David R. Henderson  

Friday Night Video: Government "Protection" of Workers

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Last Friday, I posted the first video in a series of five called "Love Gov." Today I watched the second and it's as good as, if not better than, the first.

In it, the personified government tries to protect the employee from her employer friend and, apparently, "succeeds" in persuading the employer to shut down. Exaggerated? Maybe. But I remember talking to my colleague Tim Kane at the Hoover Institution who told me that when he started his own business, the decision that made him most nervous was about whether to hire one employee. I live in California, where the "protections" for employees seem to be stronger than in many other states. When I was doing the first edition of the Concise Encyclopedia of Economics, then called The Fortune Encyclopedia of Economics, I hit a point where it would have made sense to hire an employee part-time if I could have paid her hourly and kept zero or minimal records. But I knew enough about the law to know that that could get me in trouble. So I went to Kelly and hired a temp. That worked out alright, but not as well as if I could have hired directly and had few laws to comply with.


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CATEGORIES: Labor Market , Regulation

COMMENTS (3 to date)
MaoCzar writes:

The great goal of capitalism is to exploit workers in the name of profits. American industry did it during the industrial revolution and now other countries like China are repeating the same atrocities. Were it not for government, workers would have no protections at all. We'd all be slaves to a handful of greedy capitalists, working for a pittance, and subject to harsh working conditions.

Fortunately, countries like Russia, Venezuela, and Cuba have gotten it right with regard to its citizens (and workers).

guthrie writes:

" 'Look, the last thing I want to do is tell somebody else what to do... go away' [shove]"

Excellent! Very much enjoyed!

JK Brown writes:


Capitalism wasn't quite perfected in the 14th century, but here we have the government "protecting" workers. Yeah, protecting, that's the ticket.

(1388) The Statute of Richard II restricts laborers to their hundred and makes it compulsory for them to follow the same trade as their father after the age of twelve. The wages of both industrial and agricultural laborers are again fixed — shepherds, ten shillings a year; ploughmen, seven; women laborers, six shillings, and so on. Servants are permitted to carry bows and arrows, but not swords, and they may not play tennis or foot-ball. And here b the historical origin of the important custom of exacting recommendations: servants leaving employment are required to carry a testimonial, and none are to receive servants without such letter — the original of the blacklist.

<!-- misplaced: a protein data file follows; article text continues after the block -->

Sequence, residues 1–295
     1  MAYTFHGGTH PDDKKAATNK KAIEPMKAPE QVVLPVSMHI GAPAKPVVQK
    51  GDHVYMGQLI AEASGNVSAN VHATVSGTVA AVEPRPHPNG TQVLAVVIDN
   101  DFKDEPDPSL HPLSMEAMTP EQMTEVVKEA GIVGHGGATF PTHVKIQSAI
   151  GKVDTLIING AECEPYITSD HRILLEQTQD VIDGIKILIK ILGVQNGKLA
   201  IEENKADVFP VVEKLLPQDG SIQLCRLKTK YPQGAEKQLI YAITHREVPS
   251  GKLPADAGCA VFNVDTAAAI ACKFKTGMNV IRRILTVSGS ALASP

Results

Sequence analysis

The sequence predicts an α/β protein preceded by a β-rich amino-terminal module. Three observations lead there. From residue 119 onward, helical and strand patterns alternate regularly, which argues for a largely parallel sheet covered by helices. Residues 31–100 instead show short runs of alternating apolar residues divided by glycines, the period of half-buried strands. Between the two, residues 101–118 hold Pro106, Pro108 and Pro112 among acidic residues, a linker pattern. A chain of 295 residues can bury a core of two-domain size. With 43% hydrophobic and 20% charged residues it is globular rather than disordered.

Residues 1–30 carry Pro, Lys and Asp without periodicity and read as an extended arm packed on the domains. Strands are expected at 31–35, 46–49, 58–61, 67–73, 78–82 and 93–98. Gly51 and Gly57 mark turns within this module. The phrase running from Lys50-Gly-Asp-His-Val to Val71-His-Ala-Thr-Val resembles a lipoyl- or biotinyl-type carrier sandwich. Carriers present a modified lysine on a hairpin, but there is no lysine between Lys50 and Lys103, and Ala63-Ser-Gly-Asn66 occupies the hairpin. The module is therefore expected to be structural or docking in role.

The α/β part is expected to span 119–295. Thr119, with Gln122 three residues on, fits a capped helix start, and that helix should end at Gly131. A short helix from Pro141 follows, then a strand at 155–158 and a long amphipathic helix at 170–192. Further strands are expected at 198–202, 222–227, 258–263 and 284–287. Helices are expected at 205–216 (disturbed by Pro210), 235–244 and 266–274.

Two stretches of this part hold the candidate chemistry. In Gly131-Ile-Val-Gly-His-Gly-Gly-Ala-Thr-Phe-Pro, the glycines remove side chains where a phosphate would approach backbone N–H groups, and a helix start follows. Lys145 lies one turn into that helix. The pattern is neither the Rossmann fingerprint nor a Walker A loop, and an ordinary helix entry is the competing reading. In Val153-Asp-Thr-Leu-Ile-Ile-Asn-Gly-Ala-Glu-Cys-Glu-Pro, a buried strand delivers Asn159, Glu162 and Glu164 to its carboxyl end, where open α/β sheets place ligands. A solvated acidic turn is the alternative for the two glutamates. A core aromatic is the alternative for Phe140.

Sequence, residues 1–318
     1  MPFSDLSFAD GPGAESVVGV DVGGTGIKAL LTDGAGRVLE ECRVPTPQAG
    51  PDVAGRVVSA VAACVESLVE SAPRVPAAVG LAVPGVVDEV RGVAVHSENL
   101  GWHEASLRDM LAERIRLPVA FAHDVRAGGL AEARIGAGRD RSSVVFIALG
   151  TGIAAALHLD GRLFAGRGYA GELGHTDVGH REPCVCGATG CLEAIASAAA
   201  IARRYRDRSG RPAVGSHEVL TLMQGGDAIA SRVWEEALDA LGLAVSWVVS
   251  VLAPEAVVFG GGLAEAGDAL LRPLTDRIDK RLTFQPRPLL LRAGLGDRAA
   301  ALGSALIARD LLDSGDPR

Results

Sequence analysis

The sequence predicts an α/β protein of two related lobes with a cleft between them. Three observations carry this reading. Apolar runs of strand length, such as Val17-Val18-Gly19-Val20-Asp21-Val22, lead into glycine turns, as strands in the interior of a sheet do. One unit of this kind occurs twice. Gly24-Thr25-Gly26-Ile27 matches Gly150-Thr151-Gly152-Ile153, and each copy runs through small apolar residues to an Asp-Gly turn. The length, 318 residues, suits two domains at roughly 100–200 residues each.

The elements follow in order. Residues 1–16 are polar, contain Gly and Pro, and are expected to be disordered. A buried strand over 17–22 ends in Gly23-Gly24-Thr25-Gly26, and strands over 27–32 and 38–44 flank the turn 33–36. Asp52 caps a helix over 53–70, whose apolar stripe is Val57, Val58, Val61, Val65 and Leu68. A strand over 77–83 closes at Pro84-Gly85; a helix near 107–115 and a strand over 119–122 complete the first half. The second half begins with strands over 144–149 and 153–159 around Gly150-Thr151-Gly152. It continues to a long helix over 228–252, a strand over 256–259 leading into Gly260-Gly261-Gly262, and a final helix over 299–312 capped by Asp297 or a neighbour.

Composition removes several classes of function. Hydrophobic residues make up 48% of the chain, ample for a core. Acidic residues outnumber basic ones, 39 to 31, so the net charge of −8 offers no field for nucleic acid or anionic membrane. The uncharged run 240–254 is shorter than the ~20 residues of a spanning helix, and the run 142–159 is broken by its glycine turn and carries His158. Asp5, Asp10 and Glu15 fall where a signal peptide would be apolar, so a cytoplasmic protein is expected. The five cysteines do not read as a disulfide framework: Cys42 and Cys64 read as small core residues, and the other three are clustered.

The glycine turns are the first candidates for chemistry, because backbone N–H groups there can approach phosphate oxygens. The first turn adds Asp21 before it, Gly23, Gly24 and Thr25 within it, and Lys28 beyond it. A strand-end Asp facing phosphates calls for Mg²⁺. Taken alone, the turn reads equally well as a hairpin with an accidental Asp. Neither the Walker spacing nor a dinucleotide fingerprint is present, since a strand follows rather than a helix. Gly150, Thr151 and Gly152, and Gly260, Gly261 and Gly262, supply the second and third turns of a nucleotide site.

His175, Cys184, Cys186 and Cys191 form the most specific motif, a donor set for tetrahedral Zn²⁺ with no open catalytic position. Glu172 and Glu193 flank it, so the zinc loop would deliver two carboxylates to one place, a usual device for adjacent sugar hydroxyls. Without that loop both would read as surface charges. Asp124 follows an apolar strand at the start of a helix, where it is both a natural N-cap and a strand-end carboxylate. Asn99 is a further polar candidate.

Of course, there was a national emergency back then. By 1377, the Black Death had halved the population and those workers had started commanding higher wages until government "protected" them with the Statute of Laborers in 1349 that fixed wages by trade. The continued until the late 16th century when real wages had declined and the population had recovered. Although the Statute of Laborers was still on the books in England until 1868.

As we see, government is always ready to "protect" the working man. There was the brief period between the collapse of the labor laws in favor of employers of labor and the growth of labor laws in favor of the, do they really do the laboring man any favors, when the inalienable rights in a free market resurged.

But freedom of contract in this connection results generally from personal liberty itself; although it results also from the right to property; that is to say, a man's wages (or his trade, for matter of that) is his property, and the right of property is of no practical use if you cannot have the right to make contracts concerning it.
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